Higher Corn Prices, Higher Farmland Prices

Crop land value is rising faster than apartments in Manhattan.

The price of cropland all over the world is rising more quickly than many urban areas for the first time in 30 years.

High commodity prices, including a rising demand for corn for ethanol production, have caused the value of crop land to climb 16% in Indiana, compared to a 12% appreciation for an apartment in Soho, London.

Murray Wise, chairman and CEO of Champaign, Illinois' Westchester Group Inc., told Bloomberg that farmland returns "will take a quantum leap over the next 18 months,'' after corn prices surged to a 10-year high in February.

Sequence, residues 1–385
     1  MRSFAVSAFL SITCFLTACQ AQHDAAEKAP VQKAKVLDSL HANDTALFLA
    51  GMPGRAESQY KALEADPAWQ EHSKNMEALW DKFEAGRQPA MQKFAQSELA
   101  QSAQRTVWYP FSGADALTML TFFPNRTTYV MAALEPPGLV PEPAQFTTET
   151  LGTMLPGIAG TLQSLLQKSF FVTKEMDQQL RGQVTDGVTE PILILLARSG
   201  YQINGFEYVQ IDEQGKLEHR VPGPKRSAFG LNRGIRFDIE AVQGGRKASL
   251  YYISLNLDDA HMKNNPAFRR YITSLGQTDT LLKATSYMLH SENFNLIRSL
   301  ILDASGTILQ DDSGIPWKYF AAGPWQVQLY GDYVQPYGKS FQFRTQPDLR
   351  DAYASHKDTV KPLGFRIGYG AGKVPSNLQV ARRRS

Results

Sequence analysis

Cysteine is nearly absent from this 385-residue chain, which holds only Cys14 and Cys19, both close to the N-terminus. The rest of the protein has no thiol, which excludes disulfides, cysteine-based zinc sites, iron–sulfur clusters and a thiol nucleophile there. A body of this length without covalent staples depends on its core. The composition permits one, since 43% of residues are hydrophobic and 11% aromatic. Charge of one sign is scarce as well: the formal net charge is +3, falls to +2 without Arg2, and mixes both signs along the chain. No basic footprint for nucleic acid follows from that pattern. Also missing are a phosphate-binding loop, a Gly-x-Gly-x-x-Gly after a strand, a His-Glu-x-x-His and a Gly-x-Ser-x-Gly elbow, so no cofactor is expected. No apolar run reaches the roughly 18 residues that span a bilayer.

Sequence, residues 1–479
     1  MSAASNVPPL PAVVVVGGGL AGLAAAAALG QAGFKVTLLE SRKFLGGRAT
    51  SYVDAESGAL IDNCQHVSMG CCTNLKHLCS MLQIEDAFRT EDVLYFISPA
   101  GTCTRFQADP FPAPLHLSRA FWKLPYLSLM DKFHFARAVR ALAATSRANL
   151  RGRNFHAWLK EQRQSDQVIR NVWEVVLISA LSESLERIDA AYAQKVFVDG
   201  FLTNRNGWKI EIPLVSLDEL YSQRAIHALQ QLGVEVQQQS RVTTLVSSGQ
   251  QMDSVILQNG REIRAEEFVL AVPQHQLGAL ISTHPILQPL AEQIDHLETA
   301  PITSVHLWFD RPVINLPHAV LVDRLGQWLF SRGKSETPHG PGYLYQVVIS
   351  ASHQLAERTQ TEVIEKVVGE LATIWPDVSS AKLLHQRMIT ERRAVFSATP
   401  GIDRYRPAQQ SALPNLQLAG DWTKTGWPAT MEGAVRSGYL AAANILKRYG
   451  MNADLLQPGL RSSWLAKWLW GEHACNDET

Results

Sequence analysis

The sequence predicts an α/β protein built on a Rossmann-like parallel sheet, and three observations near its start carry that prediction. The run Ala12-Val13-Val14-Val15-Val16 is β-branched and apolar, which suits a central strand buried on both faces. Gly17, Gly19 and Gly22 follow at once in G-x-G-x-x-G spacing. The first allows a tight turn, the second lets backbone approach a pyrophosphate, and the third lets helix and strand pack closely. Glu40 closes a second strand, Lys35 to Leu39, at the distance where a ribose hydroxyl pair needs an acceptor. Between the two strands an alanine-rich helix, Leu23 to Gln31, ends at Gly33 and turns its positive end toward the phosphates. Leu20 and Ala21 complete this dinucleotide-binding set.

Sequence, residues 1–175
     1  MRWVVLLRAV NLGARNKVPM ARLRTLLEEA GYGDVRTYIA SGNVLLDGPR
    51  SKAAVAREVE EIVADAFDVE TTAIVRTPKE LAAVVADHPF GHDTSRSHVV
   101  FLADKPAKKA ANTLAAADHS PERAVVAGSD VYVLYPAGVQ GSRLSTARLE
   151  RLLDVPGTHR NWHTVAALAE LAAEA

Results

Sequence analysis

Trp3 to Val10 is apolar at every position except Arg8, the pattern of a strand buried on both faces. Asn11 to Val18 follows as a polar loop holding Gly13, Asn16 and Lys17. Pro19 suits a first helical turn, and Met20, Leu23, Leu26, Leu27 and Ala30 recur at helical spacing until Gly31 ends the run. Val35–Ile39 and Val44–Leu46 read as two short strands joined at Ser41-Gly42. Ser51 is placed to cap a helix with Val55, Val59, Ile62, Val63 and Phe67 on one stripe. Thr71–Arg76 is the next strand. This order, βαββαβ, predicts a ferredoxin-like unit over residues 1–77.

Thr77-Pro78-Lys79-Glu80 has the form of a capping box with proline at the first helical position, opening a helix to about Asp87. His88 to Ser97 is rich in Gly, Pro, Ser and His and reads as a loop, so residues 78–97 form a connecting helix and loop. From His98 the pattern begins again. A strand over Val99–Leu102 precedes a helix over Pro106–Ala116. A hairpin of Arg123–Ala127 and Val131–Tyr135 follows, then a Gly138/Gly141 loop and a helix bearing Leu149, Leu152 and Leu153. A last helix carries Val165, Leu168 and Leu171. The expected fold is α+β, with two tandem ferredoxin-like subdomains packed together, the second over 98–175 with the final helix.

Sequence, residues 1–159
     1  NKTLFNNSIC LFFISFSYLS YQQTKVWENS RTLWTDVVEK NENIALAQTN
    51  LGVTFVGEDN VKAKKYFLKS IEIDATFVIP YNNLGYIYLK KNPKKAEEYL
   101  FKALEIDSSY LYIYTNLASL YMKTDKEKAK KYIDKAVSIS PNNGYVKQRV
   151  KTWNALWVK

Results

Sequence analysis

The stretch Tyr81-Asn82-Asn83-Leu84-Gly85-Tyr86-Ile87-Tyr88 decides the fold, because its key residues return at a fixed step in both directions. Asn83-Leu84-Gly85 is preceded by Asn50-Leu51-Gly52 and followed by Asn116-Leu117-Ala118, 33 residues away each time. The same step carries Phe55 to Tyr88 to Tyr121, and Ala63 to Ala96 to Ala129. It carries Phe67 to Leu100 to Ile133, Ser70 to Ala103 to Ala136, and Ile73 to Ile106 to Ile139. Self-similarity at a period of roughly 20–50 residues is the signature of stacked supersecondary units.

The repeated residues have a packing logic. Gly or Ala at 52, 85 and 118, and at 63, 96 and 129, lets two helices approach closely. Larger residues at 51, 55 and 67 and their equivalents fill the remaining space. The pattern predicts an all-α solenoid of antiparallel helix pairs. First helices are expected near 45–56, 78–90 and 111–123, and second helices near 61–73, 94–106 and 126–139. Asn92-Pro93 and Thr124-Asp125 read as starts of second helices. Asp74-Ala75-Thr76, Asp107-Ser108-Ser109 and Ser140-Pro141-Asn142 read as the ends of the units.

According to UBSAgriVest data, U.S. farmland value rose 34 of the last 37 years, and average U.S. farm prices rose 15% in 2006. Wise says prices in the Midwest may gain 12% annually through 2017.

The trend is present overseas as well. In Australia's biggest cattle-grazing state, land rose around 10%. In Argentina, the price of corn farms spiked by 27% in 2006.

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